The International Monetary Fund (IMF) recently released a research paper that delves into the changes in inflation rates in Gulf countries between 2019 and 2022. The paper examines the reasons behind the rise in inflation over the past two years, attributing it to heavy reliance on imports and increased consumer spending due to the surge in oil prices during that period.
According to the report, some Gulf countries experienced lower increases in inflation compared to global averages, thanks to government support. The paper specifically analyzes three sectors – food, housing services, and fuel – and assesses the impact of the global inflation wave on these sectors in Gulf countries.
One of the primary factors contributing to high inflation rates in the Gulf countries is their heavy dependence on imports. This reliance has become even more significant in light of the global markets grappling with increased commodity prices due to geopolitical tensions and the war in Ukraine, which have disrupted supply chains. As a result, the Gulf countries’ economies have become twice as dependent on imports as advanced economies.
The IMF report highlights Kuwait as the Gulf country with the lowest fuel prices and the second lowest in the Arab world. Kuwait’s fuel prices experienced a slight decrease of approximately 1% relative to global levels between 2019 and 2022. In general, the rate of change in fuel prices in all Arab countries monitored by the report was lower than the global average, except for the UAE.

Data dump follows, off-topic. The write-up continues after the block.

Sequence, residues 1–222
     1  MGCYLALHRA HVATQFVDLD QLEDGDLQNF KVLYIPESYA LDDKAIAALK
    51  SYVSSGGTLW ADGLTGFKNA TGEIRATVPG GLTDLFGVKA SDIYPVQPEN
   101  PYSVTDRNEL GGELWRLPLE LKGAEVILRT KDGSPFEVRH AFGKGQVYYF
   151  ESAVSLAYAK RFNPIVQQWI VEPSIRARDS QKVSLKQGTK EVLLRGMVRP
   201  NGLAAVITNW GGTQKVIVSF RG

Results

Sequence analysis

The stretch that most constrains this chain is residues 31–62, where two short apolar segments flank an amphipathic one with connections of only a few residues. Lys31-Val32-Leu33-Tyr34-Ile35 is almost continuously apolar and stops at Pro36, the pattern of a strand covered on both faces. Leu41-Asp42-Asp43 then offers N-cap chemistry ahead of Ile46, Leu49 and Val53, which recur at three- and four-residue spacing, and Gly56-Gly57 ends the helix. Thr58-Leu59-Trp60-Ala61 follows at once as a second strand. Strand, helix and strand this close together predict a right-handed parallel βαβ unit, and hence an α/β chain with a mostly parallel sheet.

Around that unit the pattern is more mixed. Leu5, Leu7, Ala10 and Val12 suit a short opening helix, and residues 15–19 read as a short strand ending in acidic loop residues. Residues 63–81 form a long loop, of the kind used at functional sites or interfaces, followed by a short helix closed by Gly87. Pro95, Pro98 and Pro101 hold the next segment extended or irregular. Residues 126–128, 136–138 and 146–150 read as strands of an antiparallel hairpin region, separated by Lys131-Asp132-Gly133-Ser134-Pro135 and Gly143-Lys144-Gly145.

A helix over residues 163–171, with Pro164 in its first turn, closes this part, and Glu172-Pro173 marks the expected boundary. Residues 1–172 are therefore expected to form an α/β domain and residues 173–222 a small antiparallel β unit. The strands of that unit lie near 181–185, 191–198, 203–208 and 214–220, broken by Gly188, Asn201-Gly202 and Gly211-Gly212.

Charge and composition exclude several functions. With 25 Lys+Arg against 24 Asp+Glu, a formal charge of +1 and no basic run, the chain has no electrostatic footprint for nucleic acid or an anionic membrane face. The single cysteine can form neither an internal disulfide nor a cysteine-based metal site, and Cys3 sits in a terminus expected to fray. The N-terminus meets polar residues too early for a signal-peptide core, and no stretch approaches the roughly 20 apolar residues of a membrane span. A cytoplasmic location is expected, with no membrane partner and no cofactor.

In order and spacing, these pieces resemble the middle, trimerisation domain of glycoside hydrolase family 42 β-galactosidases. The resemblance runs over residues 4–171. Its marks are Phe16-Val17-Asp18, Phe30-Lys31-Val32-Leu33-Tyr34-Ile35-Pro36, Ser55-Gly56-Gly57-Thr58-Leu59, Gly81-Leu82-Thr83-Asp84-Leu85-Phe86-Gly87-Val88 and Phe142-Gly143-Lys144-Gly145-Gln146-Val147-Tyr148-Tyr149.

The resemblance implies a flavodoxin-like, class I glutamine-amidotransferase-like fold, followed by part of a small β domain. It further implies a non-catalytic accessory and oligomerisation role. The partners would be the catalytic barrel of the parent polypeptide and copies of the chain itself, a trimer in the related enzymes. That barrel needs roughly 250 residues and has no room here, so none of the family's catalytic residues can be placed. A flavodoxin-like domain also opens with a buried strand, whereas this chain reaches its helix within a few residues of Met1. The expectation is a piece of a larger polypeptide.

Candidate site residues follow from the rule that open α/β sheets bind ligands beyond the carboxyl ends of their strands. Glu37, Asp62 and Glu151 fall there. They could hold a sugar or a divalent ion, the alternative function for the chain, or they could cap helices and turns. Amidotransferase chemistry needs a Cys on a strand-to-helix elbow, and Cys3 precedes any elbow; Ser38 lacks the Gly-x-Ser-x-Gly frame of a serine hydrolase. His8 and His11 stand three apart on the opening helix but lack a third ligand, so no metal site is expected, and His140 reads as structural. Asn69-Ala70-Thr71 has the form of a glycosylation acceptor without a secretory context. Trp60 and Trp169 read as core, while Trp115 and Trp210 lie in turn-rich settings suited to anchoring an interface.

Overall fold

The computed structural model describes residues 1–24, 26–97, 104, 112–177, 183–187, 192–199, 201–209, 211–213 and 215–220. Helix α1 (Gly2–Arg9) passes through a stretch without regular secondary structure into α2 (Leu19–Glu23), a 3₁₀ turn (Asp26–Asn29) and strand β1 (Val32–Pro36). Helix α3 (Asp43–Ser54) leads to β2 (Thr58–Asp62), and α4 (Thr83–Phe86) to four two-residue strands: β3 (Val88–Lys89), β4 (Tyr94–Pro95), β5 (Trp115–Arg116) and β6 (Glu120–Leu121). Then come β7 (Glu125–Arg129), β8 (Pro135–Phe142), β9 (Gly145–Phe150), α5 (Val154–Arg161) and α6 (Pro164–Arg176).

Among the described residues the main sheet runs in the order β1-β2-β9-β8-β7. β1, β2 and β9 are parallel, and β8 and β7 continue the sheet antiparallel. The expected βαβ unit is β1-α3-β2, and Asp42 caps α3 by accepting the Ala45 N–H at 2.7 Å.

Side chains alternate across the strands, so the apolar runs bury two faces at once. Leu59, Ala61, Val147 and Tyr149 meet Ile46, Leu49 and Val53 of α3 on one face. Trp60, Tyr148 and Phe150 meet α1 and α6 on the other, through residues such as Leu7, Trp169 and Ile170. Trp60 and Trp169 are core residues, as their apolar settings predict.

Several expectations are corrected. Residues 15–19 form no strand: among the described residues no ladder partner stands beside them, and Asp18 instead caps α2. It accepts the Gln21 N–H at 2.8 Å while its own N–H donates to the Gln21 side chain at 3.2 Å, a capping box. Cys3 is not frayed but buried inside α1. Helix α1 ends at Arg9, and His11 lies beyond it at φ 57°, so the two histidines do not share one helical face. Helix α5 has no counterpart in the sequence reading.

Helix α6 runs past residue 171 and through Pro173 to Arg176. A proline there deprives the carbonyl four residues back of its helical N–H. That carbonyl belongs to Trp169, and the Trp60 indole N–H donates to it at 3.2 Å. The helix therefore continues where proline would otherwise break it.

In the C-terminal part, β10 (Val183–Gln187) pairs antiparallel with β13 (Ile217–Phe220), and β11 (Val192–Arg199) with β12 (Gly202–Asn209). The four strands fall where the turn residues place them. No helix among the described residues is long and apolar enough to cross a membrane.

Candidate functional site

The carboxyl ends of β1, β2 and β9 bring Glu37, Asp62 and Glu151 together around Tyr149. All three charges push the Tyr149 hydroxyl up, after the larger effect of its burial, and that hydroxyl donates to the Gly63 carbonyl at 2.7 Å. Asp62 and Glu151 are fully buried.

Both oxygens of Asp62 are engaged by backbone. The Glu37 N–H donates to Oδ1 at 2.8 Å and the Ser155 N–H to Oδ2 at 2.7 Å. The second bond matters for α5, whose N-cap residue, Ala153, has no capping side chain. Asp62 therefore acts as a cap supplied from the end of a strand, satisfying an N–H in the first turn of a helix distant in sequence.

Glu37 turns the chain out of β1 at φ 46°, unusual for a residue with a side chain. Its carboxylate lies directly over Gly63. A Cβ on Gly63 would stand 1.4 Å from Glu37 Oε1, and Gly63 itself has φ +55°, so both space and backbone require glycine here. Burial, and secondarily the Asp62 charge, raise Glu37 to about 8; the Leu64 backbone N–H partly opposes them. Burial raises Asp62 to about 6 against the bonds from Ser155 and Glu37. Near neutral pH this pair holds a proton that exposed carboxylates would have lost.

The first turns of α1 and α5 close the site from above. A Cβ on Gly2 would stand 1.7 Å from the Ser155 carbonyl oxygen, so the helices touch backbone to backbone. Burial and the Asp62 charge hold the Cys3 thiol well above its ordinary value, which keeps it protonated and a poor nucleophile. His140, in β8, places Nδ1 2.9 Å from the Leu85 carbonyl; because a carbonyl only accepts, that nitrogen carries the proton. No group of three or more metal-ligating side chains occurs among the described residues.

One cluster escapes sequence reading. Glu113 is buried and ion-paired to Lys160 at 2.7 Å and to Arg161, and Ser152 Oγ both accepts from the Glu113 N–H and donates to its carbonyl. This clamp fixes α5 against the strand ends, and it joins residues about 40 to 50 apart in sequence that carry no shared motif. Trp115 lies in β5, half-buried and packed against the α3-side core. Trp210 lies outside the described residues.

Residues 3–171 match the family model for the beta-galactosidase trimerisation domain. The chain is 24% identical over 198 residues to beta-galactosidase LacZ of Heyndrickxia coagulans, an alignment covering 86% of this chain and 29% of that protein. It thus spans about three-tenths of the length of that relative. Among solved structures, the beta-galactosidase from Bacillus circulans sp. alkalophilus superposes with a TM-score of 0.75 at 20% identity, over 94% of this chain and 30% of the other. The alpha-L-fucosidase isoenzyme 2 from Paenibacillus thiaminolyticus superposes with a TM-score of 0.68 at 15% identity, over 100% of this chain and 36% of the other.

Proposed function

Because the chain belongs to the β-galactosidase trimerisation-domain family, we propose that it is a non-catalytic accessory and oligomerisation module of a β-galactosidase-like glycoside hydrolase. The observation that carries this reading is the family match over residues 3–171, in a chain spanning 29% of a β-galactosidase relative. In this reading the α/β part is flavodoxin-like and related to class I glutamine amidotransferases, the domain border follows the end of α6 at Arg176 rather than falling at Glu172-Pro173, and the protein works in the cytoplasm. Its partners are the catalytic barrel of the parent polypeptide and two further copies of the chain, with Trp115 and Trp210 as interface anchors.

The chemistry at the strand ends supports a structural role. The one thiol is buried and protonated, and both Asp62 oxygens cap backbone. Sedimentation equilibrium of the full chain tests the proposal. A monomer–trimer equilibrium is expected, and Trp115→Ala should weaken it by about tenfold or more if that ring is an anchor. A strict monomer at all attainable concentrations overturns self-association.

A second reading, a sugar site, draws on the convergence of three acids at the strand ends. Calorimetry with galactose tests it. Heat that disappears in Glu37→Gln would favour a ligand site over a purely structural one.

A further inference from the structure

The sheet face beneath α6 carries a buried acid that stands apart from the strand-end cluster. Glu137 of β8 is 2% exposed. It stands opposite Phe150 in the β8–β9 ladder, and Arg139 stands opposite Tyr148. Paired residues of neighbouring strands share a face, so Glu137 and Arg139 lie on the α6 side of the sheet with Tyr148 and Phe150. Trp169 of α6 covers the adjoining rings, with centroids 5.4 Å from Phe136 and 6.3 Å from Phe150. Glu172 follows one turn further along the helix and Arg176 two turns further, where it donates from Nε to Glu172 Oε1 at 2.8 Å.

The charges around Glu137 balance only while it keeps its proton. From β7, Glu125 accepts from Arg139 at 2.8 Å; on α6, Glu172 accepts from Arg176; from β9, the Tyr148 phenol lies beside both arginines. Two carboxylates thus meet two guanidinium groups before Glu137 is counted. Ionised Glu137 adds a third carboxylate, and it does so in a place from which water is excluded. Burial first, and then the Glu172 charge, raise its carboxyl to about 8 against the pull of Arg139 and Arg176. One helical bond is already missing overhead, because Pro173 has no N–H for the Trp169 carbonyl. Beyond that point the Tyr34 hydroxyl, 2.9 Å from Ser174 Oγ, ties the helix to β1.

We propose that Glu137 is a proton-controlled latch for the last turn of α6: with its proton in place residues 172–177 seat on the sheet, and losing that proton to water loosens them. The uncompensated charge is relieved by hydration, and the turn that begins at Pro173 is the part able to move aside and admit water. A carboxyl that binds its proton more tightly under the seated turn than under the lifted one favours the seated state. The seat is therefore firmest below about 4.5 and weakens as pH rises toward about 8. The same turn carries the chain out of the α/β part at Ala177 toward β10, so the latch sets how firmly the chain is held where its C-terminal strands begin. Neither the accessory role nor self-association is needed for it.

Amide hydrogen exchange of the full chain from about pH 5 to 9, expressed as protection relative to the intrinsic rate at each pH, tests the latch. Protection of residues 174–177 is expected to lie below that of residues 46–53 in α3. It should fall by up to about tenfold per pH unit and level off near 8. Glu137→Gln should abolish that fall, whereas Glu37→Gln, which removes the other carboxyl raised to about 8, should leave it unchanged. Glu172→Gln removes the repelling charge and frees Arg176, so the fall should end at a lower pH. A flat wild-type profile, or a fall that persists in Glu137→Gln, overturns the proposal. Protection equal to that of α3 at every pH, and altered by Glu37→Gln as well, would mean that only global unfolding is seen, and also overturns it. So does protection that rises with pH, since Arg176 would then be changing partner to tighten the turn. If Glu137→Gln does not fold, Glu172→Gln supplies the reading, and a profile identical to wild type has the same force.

Kuwait’s annual imports account for 43% of the country’s gross domestic product (GDP), placing it third among the Gulf countries. The UAE tops the list with imports equivalent to 80% of its economy, followed by Bahrain at 68%. The Sultanate of Oman ranks fourth with imports representing 42% of its GDP. Qatar and Saudi Arabia have the lowest ratios of imports to GDP, standing at 38% and 29%, respectively.
However, when considering the index of the ratio of imports to the volume of trade exchange (value of imports compared to the value of exports), Kuwait takes the lead among the Gulf countries. Kuwait’s percentage ranges between 41% and 46%, representing the highest among its counterparts. On the other hand, Qatar has the lowest ratio in this regard.
The contribution of housing and food services to the increase in inflation rates varied across Gulf countries. Kuwait recorded the highest contribution of food price increases among all GCC countries, with a continuous rise observed between 2020 and 2022. In Oman, food price increases ranked second after Kuwait in terms of their contribution to inflation.
In terms of housing services, Qatar took the lead in terms of its contribution to price increases and overall inflation rates, with Kuwait ranking second. The contribution of food price increases decreased in the rest of the Gulf countries compared to Kuwait. Saudi Arabia, in particular, experienced a gradual decrease in food price inflation.
In conclusion, the IMF research paper sheds light on the factors driving inflation rates in Gulf countries. The heavy reliance on imports and increased consumer spending, coupled with the rise in oil prices, have contributed to the inflationary pressures. Understanding these dynamics and their implications is crucial for policymakers and businesses operating in the region.